C’est dans le MIT review que j’ai décelé ceci –
Analyzing the way you type and scroll can reveal as much as a psychological test.
There are about 45 million people in the US alone with a mental illness, and those illnesses and their courses of treatment can vary tremendously. But there is something most of those people have in common: a smartphone. A startup founded in Palo Alto, California, by a trio of doctors, including the former director of the US National Institute of Mental Health, is trying to prove that our obsession with the technology in our pockets can help treat some of today’s most intractable medical problems: depression, schizophrenia, bipolar disorder, post-traumatic stress disorder, and substance abuse.
Mindstrong Health is using a smartphone app to collect measures of people’s cognition and emotional health as indicated by how they use their phones. Once a patient installs Mindstrong’s app, it monitors things like the way the person types, taps, and scrolls while using other apps. This data is encrypted and analyzed remotely using machine learning, and the results are shared with the patient and the patient’s medical provider. The assessment included classic neuropsychological tests that have been used for decades, like a so-called timed trail-tracing test.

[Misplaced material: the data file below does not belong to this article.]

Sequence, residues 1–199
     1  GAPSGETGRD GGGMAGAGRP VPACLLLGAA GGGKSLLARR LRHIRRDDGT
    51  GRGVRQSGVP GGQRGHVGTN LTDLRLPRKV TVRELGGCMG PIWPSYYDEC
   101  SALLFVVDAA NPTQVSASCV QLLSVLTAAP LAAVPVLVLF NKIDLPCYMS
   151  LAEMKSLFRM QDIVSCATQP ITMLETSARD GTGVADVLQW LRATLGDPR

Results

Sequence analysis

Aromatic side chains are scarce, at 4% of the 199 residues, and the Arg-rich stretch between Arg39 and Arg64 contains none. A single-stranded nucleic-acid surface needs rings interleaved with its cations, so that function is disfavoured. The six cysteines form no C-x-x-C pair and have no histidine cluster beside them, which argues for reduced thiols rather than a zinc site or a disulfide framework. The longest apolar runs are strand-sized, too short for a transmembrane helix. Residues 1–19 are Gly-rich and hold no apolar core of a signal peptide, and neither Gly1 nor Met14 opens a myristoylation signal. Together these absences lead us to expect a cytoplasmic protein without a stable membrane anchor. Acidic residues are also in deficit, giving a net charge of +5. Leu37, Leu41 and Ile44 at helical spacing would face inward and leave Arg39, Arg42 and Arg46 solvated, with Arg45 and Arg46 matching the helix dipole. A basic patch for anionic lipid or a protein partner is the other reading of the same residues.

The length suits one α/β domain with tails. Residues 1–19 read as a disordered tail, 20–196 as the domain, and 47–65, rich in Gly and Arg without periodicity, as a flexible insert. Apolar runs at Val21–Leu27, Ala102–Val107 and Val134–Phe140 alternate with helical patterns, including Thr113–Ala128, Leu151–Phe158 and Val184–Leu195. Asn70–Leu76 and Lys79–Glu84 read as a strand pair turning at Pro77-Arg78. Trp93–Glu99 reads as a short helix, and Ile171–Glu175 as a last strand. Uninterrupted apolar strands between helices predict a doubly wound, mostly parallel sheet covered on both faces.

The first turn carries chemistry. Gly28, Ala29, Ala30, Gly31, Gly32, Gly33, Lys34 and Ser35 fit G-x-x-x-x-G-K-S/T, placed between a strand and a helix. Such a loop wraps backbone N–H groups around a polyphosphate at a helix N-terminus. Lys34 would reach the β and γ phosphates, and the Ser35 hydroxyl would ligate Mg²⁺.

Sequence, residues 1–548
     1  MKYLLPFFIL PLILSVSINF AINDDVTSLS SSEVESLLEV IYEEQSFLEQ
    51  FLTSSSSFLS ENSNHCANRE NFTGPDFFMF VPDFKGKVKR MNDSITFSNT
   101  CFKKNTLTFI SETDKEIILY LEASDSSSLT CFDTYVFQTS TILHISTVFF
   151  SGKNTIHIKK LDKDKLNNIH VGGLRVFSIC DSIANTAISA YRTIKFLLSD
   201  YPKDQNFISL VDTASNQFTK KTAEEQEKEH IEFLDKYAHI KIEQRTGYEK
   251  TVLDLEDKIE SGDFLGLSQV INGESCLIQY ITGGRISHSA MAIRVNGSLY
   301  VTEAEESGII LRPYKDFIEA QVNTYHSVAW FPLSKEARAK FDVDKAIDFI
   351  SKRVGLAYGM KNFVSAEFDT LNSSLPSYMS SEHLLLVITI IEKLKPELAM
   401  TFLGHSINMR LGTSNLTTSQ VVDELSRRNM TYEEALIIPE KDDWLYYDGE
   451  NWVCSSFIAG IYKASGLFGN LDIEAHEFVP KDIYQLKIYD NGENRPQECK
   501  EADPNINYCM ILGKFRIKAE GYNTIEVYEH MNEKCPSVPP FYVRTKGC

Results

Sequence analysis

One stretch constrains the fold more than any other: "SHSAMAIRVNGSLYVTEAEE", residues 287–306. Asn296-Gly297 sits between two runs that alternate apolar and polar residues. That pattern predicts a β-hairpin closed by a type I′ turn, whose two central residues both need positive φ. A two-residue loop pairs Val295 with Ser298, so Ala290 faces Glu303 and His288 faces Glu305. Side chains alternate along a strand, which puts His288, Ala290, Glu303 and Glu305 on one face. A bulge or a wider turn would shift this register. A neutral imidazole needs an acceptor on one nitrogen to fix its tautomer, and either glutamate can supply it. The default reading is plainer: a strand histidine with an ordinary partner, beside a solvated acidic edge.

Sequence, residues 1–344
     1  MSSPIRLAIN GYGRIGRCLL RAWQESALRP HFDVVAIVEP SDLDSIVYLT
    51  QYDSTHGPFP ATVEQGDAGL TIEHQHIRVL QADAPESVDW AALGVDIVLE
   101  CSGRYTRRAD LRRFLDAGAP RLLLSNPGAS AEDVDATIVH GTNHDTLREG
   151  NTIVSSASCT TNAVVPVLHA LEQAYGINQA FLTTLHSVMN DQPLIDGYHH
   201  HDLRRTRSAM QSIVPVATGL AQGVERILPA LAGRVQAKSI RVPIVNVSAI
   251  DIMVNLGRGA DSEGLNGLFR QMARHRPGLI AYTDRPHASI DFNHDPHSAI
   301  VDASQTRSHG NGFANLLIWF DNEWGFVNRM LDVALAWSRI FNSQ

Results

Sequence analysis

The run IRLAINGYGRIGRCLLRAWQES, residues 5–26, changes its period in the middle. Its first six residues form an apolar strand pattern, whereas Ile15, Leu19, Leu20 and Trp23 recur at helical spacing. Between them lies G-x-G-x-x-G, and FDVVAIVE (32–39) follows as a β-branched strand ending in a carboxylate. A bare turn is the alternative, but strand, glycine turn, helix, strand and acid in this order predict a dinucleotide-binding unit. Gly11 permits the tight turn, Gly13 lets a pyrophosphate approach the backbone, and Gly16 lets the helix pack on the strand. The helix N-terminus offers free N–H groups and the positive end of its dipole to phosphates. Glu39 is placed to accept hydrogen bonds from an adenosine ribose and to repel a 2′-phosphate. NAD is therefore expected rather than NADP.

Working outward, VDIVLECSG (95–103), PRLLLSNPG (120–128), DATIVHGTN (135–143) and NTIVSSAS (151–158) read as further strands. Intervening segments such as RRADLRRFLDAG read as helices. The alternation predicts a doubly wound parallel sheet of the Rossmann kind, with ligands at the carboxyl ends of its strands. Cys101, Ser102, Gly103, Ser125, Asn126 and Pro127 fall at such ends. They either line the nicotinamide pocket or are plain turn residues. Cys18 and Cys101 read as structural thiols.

The seemingly mundane minutiae of how you interact with your phone
offers surprisingly important clues to your mental health, according to
Mindstrong’s research—revealing, for example, a relapse of depression.
With details gleaned from the app, Mindstrong says, a patient’s doctor
or other care manager gets an alert when something may be amiss and can
then check in with the patient by sending a message through the app
(patients, too, can use it to message their care provider).
For years now, countless companies have offered everything from
app-based therapy to games that help with mood and anxiety to efforts to
track smartphone activities or voice and speech for signs of
depression. But Mindstrong is different, because it’s considering how
users’ physical interactions with the phones—not what they do, but how
they do it—can point to signs of mental illness. That may lead to far
more accurate ways to track these problems over time. If Mindstrong’s
method works, it could be the first that manages to turn the technology
in your pocket into the key to helping patients with a wide range of
chronic brain disorders—and may even lead to ways to diagnose them
before they start.
Before starting Mindstrong, Paul Dagum,
its founder and CEO, paid for two Bay Area–based studies to figure out
whether there might be a systemic measure of cognitive ability—or
disability—hidden in how we use our phones. One hundred and fifty
research subjects came into a clinic and underwent a standardized
neurocognitive assessment that tested things like episodic memory (how
you remember events) and executive function (mental skills that include
the ability to control impulses, manage time, and focus on a task)—the
kinds of high-order brain functions that are weakened in people with